Particularly trite was the story of the Ten Commandments Killer, a so-called mystery that became painstakingly obvious almost immediately. As with 'Cult', 'Hotel' introduced a number of interesting characters that the writers had no idea what to do with. Instead, by mid-way through the season they were adding a number of bizarre side-plots that distracted from the main arc and added little to the narrative. This is all the more devastating due to the fact that heavyweight talent like Kathy Bates, Angela Bassett and Matt Bomer were essentially being thrown scraps.

One character and plot remains largely memorable, however. Denis O’Hare gave one of the finest performances of the entire series as Liz Taylor, an enigmatic transgender bartender who also resides within the Hotel Cortez. The flashbacks to Liz’s life before her transition, as well as how she came to the hotel, remain a crowning achievement of AHS, at once devastating and triumphant. O’Hare, who has consistently been a series highlight, gave a bold and fearless performance that makes me question why he wasn’t given more to do in 'Roanoke' or brought back at all for 'Cult'.

5 – ‘Roanoke’ (Season 6)

Main Cast: Sarah Paulson, Cuba Gooding Jr., Kathy Bates, Adina Porter, Angela Bassett, Lily Rabe, Andre Holland, Wes Bentley and Cheyenne Jackson.

'Roanoke' will always get some bonus points in my book for shaking things up. While Murphy typically announces the theme of each season months in advance (coupled with vast promotional campaigns from FX), 'Roanoke' remained a mystery until the season premiere aired… and even then, fans weren’t exactly sure what they were watching. Initially billed as ‘My Roanoke Nightmare’, the season was essentially split into two, with the first five episodes telling the story of a haunting in North Carolina, presented as a docu-drama complete with actors performing re-enactments and the real-life 'survivors’ telling their stories through confessional footage. At episode six, the paradigm shifts, and the story is then told through found footage billed as ‘Return to Roanoke: Three Days in Hell’.

If all of that sounds a bit confusing, it was. Many actors were playing two, sometimes three, roles. Nevertheless, it was mostly wildly entertaining, and even a bit scary in parts. It was also the rare installment of the series that got better as it went along. What it lacked, however, were any truly great characters (though Paulson’s campy, entitled actress Audrey Tindall was endlessly amusing). Even the weakest seasons of AHS have given us memorable character arcs, while 'Roanoke' was much more focused on style and story than any real character development. The result was a season that was fun if not fantastic. That is, until the truly awful finale, which deserted all thrills in favor of more gimmicky show-within-the-show pieces that let down all the excitement and tension that had built for the previous 9 weeks.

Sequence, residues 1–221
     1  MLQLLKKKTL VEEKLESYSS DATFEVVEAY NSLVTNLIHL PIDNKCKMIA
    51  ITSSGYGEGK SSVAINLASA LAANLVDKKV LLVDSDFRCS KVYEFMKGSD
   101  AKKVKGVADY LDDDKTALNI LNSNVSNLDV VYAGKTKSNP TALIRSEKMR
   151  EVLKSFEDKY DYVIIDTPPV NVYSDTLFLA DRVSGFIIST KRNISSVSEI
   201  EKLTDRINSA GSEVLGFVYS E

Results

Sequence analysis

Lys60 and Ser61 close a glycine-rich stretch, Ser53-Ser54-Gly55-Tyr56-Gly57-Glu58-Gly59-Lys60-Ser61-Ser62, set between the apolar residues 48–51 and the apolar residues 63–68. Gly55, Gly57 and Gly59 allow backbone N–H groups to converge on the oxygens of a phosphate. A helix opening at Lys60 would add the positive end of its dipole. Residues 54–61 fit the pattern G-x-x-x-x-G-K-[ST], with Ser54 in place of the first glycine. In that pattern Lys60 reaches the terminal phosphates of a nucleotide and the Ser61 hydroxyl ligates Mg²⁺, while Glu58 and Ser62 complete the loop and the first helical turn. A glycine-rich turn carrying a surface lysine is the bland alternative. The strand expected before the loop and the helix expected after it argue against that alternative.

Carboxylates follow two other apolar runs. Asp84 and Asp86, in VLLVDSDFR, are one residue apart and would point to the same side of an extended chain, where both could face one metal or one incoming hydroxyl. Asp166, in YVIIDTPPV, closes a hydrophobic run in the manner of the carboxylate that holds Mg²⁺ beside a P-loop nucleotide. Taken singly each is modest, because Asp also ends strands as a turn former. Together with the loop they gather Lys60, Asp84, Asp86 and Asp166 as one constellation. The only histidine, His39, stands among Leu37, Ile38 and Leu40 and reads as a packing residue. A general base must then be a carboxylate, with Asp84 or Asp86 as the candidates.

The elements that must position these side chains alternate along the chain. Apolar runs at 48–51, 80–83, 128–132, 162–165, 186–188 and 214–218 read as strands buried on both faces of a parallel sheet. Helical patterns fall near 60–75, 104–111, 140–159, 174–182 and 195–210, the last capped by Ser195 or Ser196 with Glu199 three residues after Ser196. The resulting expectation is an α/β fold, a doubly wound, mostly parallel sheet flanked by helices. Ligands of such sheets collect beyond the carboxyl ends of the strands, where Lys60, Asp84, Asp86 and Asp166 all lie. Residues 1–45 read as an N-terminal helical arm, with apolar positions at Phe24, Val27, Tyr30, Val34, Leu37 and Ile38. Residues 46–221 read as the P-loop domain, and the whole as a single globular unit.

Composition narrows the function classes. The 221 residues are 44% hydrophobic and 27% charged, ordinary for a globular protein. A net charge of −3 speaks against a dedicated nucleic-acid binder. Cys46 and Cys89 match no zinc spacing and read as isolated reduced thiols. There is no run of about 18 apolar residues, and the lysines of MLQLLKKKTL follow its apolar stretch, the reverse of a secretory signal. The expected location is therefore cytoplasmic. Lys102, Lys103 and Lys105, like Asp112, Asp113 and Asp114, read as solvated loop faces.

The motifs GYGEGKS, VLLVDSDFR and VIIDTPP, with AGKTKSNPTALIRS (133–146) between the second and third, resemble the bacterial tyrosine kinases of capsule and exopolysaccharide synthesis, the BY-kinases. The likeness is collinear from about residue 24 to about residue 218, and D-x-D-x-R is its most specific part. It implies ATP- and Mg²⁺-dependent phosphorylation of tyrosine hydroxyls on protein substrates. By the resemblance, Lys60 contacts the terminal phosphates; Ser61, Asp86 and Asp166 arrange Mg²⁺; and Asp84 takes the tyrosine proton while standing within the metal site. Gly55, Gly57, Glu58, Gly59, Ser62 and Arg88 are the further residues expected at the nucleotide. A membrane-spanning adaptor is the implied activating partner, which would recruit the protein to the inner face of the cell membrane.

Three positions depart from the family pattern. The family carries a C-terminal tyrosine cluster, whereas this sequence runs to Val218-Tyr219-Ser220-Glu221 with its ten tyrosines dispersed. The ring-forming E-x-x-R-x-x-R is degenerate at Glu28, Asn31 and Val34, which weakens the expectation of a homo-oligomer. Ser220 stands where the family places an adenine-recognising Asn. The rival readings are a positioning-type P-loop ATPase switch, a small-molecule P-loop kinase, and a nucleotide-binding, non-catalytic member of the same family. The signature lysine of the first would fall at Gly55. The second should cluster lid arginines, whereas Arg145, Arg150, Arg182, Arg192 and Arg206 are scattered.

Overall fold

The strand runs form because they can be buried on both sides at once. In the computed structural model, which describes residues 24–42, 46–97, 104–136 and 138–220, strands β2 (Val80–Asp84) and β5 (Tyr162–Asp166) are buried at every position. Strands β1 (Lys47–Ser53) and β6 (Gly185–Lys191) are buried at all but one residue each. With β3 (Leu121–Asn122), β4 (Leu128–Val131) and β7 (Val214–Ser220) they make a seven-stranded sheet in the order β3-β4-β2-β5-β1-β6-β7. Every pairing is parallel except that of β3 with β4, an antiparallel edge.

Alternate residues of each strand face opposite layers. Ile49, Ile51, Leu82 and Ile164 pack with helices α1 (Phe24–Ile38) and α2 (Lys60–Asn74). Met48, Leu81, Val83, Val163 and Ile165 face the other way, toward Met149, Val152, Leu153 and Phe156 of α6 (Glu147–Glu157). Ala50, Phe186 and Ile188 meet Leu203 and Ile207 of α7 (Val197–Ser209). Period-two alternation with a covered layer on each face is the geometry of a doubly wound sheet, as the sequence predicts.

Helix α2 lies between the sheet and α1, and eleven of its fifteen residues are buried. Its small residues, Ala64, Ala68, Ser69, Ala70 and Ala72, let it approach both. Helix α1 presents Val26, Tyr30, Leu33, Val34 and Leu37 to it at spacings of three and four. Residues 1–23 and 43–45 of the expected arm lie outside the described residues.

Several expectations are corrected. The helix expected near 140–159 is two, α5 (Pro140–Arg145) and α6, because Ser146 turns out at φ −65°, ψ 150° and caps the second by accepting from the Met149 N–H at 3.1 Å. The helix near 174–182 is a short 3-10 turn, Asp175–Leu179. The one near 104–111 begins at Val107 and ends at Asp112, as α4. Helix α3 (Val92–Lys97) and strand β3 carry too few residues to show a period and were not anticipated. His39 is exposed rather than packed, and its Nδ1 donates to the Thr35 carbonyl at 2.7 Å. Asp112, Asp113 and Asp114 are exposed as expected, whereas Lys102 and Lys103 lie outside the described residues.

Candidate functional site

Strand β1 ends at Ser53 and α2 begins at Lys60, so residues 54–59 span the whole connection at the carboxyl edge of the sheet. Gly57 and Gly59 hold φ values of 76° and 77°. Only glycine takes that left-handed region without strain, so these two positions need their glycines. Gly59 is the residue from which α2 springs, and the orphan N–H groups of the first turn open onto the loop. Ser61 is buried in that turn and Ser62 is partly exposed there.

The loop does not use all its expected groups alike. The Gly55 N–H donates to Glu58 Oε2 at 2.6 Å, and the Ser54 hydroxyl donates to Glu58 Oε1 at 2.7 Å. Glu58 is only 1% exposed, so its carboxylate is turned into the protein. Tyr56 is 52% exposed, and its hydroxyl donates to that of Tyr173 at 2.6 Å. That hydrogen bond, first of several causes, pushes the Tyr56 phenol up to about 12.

The need to unnecessarily, and illogically, shoehorn in Lana Winters from 'Asylum' was confirmation that Murphy’s decision to oblige fan-demand that each season be connected could hurt the show more than it might ever help it. Hopefully it will work out much better for 'Apocalypse'.

4 – ‘Freak Show’ (Season 4)

Main Cast: Jessica Lange, Sarah Paulson, Evan Peters, Kathy Bates, Angela Bassett, Michael Chiklis, Finn Wittrock, and Dennis O’Hare.

'Freak Show' was the toughest to place on my list. Divisive amongst fans while it aired, it has aged better for me than any installment that has come since. It was also the last season to feature Jessica Lange in a lead role, and despite several incredible performances from many talented actors in subsequence seasons, the series has never been able to fully recapture the magic that Lange brought to each of her characters. Here, she starred as Elsa Mars, an enigmatic ex-pat who runs Fräulein Elsa's Cabinet of Curiosities in Jupiter, Florida. While Lange gave a killer performance, it was actually a newcomer who stole the show.

Finn Wittrock joined the series as Dandy Mott, a spoiled, rich, man-child who developed a perverse obsession with Sarah Paulson’s conjoined twins Bette and Dot. Mott, after forming a chill-inducing friendship with (the sorely underutilized) a murderous clown named Twisty, becomes the true villain of the season. Wittrock’s performance was electric, consistently both terrifying and oddly endearing – he reminded me, at times, of a young Malcolm McDowell in A Clockwork Orange.

Likewise, the cinematography and set decoration also harkened back to classic Kubrick. Directors like Alfonso Gomez-Rejon and Michael Uppendahl brought an often-claustrophobic feeling to the series, utilizing gorgeous sets and locations that were at once stylish, sprawling, and haunting. 'Freak Show' wasn’t perfect (let’s just pretend 90% of the musical numbers never happened) but it had tons of fantastic characters and was able to nail a satisfying ending for pretty much every one of them.

3 – ‘Coven’ (Season 3)

Main Cast: Jessica Lange, Kathy Bates, Angela Bassett, Sarah Paulson, Dennis O’Hare, Evan Peters, Taissa Farmiga, Emma Roberts, Lily Rabe, and Frances Conroy.